Peter Clines is my new favorite author in the horror universe. His previous novel, 14, was a page-burner that flipped the haunted house tale inside-out (quite literally). For his new book, he makes origami of the space-time continuum.
The Fold begins on the last day before summer vacation. Mike Erikson is a high-school English teacher with a special talent: he never forgets anything. This is both a blessing and a curse. He’s intellectually gifted, but suffers the burden of remembering everything that has ever happened to him. At the prodding of an old friend, he audits a secretive research project in San Diego known as the Albuquerque Door.
At first, the Door — which facilitates trans-dimensional travel via a shortcut through the multiverse — is considered a breakthrough. By a simple bend in space-time (and with the help of some Victorian-era equations), the research team is able to transport objects, animals and people from one place to another.
Erikson soon detects something off with the project, though. Despite the personal rewards and social benefit that would accompany the announcement of their world-changing discovery, the scientists (who are suspicious of his investigation) keep the Door in development for years.
Oh, and there is also that seldom-discussed matter of the researcher who went through the Door, suffered a mental breakdown upon return and has been institutionalized since.
As Erikson digs deeper, he uncovers the shady history of the project and its shortcut through the multiverse. It all comes apart when a transport goes badly. The Door opens a pathway through a nightmare dimension that could destroy all others if they can’t get it shut.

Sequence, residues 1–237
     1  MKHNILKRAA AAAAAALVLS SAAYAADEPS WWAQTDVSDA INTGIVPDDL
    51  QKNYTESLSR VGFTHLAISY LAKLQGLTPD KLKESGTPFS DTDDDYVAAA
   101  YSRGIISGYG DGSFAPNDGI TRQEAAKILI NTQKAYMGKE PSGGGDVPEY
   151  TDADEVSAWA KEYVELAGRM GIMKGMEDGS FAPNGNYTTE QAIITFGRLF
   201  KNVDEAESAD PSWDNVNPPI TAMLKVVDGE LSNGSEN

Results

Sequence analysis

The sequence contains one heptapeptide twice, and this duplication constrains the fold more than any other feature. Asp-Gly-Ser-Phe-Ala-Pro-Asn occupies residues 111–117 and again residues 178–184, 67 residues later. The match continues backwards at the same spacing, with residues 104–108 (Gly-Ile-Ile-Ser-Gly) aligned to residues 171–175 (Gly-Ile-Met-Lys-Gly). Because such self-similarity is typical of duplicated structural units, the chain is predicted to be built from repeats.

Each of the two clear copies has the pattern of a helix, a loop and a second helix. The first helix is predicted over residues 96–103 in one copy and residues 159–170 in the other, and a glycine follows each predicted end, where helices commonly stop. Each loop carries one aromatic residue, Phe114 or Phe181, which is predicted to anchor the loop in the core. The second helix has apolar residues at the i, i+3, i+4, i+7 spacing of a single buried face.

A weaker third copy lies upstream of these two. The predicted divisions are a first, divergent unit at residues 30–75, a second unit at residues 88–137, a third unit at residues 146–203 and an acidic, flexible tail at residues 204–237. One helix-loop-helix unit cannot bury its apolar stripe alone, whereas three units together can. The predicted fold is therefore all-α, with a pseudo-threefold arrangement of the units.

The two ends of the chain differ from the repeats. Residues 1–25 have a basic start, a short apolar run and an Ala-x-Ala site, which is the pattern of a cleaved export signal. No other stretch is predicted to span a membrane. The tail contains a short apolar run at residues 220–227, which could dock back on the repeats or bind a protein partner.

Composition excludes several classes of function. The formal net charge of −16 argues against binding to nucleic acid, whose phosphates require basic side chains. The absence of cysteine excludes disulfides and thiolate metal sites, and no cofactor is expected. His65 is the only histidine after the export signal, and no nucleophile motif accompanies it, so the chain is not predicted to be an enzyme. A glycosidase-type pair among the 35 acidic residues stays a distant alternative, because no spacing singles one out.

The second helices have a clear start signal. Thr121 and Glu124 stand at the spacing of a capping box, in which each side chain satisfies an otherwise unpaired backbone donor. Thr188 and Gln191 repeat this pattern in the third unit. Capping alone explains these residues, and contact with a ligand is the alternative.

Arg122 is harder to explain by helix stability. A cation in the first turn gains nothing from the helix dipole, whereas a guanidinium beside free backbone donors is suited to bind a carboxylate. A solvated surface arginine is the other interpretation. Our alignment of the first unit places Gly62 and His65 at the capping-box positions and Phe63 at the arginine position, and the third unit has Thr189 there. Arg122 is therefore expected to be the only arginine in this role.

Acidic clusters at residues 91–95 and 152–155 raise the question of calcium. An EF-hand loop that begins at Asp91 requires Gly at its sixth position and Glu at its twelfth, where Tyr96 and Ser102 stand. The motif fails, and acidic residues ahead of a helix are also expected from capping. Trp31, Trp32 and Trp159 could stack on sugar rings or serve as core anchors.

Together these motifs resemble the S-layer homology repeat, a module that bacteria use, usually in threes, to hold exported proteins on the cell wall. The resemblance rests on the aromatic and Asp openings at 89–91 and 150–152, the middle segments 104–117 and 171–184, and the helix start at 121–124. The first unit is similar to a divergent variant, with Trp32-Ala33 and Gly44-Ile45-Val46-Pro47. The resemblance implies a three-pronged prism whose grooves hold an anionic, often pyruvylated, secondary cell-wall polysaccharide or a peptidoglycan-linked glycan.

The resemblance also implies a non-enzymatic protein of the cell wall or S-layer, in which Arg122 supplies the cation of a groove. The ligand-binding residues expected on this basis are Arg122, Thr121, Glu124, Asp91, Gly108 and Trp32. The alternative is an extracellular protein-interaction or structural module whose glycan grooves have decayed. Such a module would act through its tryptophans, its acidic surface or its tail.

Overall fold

That’s when this dice-roll with the universe becomes a Frankensteinian fable.
Clines is a master at developing quirky heroes in slanted realities. He doesn’t rely on gore, violence or trauma to create a sense of unease. He terrorizes with subtlety, pointing out the off-kilter among the mundane and letting it gnaw at the reader’s mind.
There is horror that sucks you down the rabbit hole through a trap door. Not Clines. He takes you there via quicksand. The dude is merciless.
The Fold incorporates many genres, from detective fiction and literary horror, to science fiction and Lovecraftian terror. Clines’ prose sweeps you through the chapters, breathing in and out of the tension without ever losing the narrative pace. I could have easily read this in one sitting, and just may have if my plane hadn’t landed in Reykjavik before I reached the end.
Though easily one of my favorite books of the year so far, The Fold does have some flaws. Erikson, on the whole, is an engaging and likeable protagonist, and for the first 200 pages or so is entirely believable. However, as we approach the climax he becomes too powerful and loses his vulnerability. It’s easy to root for the humble, nerdy English instructor. Not as much when he’s able to score women outside his area code and fend off other-worldly monsters more skillfully than the Marines.
Despite these stretches of the imagination, The Fold, is a smart thriller that uses quantum physics as a launchpad for terror. Like Lovecraft, Clines knows that the greatest threat is not the one that seeks you, but the one you stumble upon, that stares back at you when you gaze too long into the abyss.
In any dimension, the greatest threat to mankind is, well, mankind. The greatest horrors are those of our own making.
Understanding this is what makes Clines one of the best horror writers of the moment — and makes The Fold a must-read summer thriller.